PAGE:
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Financial Models and Society

Villains or Scapegoats?

Ekaterina Svetlova

This innovative book employs the social studies of finance approach which aims to enhance the dialogue between finance and sociology by addressing the blind spots of economic and financial theories. In so doing, it challenges the accusations made towards financial models in the aftermath of the last economic crisis and argues that they cannot be condemned indiscriminately. Their influence on markets and society is not straightforward, but determined by the many ways in which models are created and then used. Ekaterina Svetlova analyses the various patterns of the application of models in asset management, risk management and financial engineering to demonstrate that their power is far more fragile than widespread criticism would indicate.
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Villains or Scapegoats?

Ekaterina Svetlova

This book is the result of ten years of research on the use of financial models in market practice. I wish to thank all of those who supported me in writing it.

The interviews that constitute the main data source for the empirical case studies used in the book were completed within the framework of the Deutsche Forschungsgemeinschaft (DFG) project “Economic calculations: Creation of the calculative realities in the financial markets” in 2007–08. I would also like to acknowledge the research fellowship awarded by the Centre of Excellence “Cultural foundations of integration” at the Institute for Advanced Study at the University of Constance, where I spent a sabbatical in 2013–14 and started to develop some chapters of this book. I would also like to thank the interview respondents and those who helped me to organize the field work for their support, effort and time.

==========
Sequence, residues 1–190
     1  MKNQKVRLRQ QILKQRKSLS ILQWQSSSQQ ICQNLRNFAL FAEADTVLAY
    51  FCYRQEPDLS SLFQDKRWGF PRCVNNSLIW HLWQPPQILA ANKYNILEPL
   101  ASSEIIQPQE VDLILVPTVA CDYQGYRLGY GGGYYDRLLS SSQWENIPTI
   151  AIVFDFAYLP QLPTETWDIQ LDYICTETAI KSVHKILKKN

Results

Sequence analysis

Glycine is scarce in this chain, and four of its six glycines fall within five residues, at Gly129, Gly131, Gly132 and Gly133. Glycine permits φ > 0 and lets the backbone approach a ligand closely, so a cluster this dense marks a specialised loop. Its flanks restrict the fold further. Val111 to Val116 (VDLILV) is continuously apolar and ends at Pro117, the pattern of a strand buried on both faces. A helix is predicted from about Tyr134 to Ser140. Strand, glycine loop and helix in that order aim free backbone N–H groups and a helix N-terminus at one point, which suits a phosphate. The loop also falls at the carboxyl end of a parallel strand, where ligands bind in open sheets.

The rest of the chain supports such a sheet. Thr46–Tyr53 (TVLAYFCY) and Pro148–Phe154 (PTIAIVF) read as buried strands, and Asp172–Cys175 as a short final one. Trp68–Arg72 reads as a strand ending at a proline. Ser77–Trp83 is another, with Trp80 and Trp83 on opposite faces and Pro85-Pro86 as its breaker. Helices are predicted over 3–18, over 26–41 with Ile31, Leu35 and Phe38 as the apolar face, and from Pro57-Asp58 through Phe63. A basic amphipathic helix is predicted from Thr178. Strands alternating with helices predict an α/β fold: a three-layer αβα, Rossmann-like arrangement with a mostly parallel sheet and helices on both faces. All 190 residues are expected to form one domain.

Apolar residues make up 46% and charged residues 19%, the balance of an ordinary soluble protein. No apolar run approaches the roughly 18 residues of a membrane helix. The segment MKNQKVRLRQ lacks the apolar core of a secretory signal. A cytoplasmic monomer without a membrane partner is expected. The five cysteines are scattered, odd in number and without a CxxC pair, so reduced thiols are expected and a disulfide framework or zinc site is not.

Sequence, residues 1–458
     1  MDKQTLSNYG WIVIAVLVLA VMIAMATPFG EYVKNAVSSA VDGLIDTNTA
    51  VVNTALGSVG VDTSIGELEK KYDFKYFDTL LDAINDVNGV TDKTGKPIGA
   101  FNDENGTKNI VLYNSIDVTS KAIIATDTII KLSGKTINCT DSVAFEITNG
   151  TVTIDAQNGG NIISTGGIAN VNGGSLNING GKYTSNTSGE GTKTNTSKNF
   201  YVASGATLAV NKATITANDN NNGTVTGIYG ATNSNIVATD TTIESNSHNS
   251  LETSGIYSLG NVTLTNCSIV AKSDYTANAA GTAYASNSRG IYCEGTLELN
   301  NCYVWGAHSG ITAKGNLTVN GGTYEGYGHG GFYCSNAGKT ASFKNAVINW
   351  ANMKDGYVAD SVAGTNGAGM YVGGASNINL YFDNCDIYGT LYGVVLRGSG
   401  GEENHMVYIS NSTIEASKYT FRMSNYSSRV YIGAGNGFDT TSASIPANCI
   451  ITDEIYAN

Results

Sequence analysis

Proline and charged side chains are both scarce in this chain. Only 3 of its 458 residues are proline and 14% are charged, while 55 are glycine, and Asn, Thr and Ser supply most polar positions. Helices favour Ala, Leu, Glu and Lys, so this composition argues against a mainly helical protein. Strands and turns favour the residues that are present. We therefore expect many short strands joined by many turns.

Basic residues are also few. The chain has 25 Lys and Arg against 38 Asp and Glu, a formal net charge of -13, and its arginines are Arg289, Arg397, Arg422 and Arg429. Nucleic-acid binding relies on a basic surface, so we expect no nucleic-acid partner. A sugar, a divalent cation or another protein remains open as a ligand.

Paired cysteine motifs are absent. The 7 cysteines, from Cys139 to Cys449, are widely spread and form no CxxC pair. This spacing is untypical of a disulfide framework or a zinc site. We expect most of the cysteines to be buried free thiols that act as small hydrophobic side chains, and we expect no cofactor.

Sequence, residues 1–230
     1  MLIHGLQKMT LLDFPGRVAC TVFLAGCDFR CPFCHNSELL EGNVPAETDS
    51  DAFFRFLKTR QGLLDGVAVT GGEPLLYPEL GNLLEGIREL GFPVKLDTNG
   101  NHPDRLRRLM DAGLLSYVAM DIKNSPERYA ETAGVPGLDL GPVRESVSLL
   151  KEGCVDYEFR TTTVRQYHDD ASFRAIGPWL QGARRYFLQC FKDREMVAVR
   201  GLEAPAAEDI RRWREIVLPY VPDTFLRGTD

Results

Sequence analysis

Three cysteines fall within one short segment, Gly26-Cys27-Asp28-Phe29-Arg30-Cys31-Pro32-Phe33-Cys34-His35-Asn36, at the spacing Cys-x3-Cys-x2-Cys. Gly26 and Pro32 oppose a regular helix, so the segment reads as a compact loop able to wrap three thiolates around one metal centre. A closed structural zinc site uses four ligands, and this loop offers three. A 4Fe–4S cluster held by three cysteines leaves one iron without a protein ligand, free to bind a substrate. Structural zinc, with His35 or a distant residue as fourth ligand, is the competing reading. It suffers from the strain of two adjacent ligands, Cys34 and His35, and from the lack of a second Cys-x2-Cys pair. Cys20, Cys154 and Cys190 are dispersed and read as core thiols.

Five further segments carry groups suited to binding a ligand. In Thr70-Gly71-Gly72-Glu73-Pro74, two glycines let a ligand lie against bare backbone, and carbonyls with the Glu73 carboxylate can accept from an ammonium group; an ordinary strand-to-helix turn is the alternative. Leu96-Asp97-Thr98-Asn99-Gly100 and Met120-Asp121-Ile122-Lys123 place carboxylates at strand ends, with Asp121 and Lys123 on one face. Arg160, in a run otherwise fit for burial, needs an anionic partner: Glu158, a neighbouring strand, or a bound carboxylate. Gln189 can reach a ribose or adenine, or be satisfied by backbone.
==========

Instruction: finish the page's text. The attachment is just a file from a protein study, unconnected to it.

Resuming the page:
I am also grateful to all colleagues and friends who discussed my ideas with me at numerous conferences and workshops or commented on earlier versions of the book. The comments from Dirk Baecker, Ivan Boldyrev, Maria Puig De La Bellacasa, Iain Hardie, Donald MacKenzie, Yuval Millo, Nikiforos Panourgias, Birger Priddat, Marcel Tyrell and Zsuzsanna Vargha were especially valuable. Furthermore, very special thanks are due to a particularly loyal and thorough reader – my husband, Karl-Heinz Thielmann.

As this book sums up my research on financial modelling conducted over many years, parts of it incorporate revised and reworked versions of material that was previously published. I would like to thank the editors and publishers involved for permission to use that material here. The following articles were used in this book:

Value without valuation? An example of the cocos market (2016), Critical Perspectives on Accounting (online first), special issue on Critical Finance.

Performativity and emergence of institutions (2016). In: Ivan Boldyrev and Ekaterina Svetlova (eds), Enacting Dismal Science: New Perspectives on the Performativity of Economics, New York: Palgrave Macmillan, 183–200.

Models at work: Models in decision-making (2014), Science in Context27 (4), 561–577 (with Vanessa Dirksen).

Modelling beyond application: Epistemic and non-epistemic values in modern science (2014), International Studies in the Philosophy of Science28 (1), 79–98.

De-idealization by commentary: The case of financial valuation models (2013), Synthese190 (2), 321–337.

On the performative power of financial models (2012), Economy and Society41 (3), 418–434.

Talking about the crisis: Performance of forecasting in financial markets (2012), Culture and Organization18 (2), 155–169.

Plausibility check of consensus: Expectation building in financial markets (2010), Journal of Financial and Economic Practice10 (1), 101–113.

Full references will be found at the end of the book.

Finally, I would like to thank Amanda Habbershaw for her excellent help with my English.